“It reflects our generation,” he said of his simplified yet almost scientific technique. “We used to follow the principle of three flavors per dish, and I noticed that one main flavor plus one to enhance it worked fine. Then we tried to perfect our condiments and the cooking itself. Our cooking techniques are becoming highly sophisticated. We try to be as accurate as possible. It’s crucial in a refined gastronomy you get to the point you can’t refine it any further.”
“If fishmongers see a particular kind of turbot and think ‘this one’s for Crissier,’ then I can call clients I know who love turbot, and cook it for them that very evening,” he told Food Arts.
He obsessed about everything at his restaurant, even the table bread.
“You can tell it’s cooked if it makes this noise. Listen. A hollow sound like that,” he told Fine Dining Lovers, tapping a loaf. “I like things to be precise. I’d describe our cuisine as measured, meticulous.”
His policy was simple: “I believe the key to success, the core, the essence of a chef, is work. There is no secret. If you don’t work, you’ll get nowhere.”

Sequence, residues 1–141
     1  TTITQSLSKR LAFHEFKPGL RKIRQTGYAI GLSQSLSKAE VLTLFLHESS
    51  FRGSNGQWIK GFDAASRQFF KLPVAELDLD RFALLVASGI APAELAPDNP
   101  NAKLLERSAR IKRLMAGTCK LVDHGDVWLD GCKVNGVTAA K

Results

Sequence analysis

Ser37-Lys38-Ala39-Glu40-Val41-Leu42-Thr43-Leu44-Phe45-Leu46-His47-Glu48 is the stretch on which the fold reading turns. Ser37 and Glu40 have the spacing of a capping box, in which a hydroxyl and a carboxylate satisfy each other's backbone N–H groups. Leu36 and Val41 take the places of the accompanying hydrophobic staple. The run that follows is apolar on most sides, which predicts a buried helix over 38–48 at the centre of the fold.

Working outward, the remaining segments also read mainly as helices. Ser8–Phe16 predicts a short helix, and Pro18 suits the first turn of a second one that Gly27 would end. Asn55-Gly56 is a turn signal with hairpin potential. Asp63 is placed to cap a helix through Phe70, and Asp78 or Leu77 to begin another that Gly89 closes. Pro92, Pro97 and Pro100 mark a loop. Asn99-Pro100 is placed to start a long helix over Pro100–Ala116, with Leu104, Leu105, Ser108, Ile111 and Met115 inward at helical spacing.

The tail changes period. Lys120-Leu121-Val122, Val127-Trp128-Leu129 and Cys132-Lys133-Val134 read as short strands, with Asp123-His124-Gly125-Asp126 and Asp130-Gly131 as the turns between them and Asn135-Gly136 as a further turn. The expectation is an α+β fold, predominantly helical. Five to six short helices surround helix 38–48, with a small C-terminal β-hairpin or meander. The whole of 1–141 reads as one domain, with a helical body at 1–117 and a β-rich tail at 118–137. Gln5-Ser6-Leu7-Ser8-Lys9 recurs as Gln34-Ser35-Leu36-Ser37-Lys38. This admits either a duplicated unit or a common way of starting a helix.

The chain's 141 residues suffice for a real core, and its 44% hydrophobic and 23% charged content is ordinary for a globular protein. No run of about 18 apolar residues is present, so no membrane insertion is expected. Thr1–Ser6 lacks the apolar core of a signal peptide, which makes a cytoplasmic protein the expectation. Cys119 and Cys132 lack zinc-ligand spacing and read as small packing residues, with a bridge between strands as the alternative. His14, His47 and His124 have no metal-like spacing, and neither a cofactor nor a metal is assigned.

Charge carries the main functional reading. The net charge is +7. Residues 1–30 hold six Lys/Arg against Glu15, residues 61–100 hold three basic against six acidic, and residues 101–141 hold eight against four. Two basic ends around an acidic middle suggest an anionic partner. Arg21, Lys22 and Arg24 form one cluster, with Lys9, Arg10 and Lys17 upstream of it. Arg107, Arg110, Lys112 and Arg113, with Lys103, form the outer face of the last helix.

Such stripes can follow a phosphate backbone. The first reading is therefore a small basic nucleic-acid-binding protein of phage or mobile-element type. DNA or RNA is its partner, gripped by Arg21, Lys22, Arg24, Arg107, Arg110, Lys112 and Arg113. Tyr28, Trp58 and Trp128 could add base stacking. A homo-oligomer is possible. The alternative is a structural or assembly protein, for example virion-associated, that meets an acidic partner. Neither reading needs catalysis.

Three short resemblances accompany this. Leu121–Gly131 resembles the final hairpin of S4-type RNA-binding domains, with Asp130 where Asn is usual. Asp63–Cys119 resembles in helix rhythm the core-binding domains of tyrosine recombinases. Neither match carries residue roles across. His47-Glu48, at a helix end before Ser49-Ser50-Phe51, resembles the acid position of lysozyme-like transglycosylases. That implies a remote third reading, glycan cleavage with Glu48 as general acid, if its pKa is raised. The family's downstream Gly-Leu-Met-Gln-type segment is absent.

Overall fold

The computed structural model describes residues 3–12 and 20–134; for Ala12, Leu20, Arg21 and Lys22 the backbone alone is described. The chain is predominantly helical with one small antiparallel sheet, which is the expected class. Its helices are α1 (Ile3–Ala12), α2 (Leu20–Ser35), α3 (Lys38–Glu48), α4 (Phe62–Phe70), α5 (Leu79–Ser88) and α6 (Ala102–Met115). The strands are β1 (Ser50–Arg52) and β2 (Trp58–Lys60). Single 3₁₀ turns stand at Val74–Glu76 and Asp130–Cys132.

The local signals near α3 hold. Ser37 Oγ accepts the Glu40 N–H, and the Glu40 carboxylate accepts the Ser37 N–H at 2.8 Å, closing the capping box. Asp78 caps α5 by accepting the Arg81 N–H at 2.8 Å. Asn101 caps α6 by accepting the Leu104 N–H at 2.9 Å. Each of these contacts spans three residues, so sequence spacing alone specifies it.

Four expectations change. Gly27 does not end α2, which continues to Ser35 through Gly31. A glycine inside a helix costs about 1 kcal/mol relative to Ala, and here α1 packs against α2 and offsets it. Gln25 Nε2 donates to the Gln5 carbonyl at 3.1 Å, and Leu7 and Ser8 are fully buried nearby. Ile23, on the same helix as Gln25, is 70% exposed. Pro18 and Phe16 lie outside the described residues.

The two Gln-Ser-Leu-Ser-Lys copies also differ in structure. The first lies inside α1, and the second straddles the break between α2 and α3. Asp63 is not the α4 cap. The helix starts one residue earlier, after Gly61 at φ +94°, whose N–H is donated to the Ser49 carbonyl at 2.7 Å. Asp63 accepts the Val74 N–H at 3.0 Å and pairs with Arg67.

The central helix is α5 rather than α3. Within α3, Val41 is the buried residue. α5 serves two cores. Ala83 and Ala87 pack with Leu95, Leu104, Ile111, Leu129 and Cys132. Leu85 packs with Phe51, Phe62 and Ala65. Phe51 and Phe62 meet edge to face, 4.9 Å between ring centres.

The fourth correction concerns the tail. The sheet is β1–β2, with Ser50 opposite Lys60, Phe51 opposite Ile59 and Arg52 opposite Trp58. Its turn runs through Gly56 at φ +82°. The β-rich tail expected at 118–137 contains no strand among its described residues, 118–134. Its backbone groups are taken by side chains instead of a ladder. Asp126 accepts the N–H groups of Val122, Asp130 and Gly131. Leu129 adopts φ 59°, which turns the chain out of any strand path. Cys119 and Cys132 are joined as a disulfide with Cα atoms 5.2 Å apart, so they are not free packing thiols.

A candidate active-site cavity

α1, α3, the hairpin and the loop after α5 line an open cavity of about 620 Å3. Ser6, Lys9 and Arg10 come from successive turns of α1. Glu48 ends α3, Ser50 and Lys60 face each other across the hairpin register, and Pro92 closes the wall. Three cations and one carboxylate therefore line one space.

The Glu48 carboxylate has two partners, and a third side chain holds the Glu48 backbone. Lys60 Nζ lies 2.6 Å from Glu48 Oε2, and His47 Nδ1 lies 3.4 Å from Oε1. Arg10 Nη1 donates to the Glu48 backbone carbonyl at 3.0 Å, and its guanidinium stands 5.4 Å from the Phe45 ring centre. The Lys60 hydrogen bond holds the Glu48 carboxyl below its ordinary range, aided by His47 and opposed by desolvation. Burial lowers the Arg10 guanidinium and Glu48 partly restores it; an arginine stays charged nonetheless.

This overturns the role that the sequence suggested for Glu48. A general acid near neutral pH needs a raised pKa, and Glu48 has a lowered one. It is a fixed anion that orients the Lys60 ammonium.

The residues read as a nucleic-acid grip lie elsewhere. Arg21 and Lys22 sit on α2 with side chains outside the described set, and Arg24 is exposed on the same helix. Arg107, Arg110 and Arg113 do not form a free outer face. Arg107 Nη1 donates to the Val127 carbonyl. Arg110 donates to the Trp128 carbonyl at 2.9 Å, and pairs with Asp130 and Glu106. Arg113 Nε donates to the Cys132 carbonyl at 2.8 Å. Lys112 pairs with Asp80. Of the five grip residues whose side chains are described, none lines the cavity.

His hyper-intense, hyper-local approach quickly paid off. He earned the approval of powerful French critic Gilles Pudlowski. Then Gault et Millau, second in importance only to Michelin, named Violier Switzerland’s “Chef of the Year” in 2013.
Then came the moment that would vault the wunderkind into the spotlight, with all its glory and its glare.
In December, La Liste, an algorithmic ranking system put out by the French Foreign Ministry and tourism board, named Hotel de Ville the best restaurant in the world, narrowly beating out Per Se.
What should have been the best moment in Violier’s life was darkened, though, by the back-to-back deaths just months before of his father — to whom he dedicated a 1,000-page book of European wildfowl — and Rochat, his culinary mentor, who died in a cycling accident.
Violier was “badly shaken” by their deaths, 24 Heures reported. “What resorts did he take to join them?”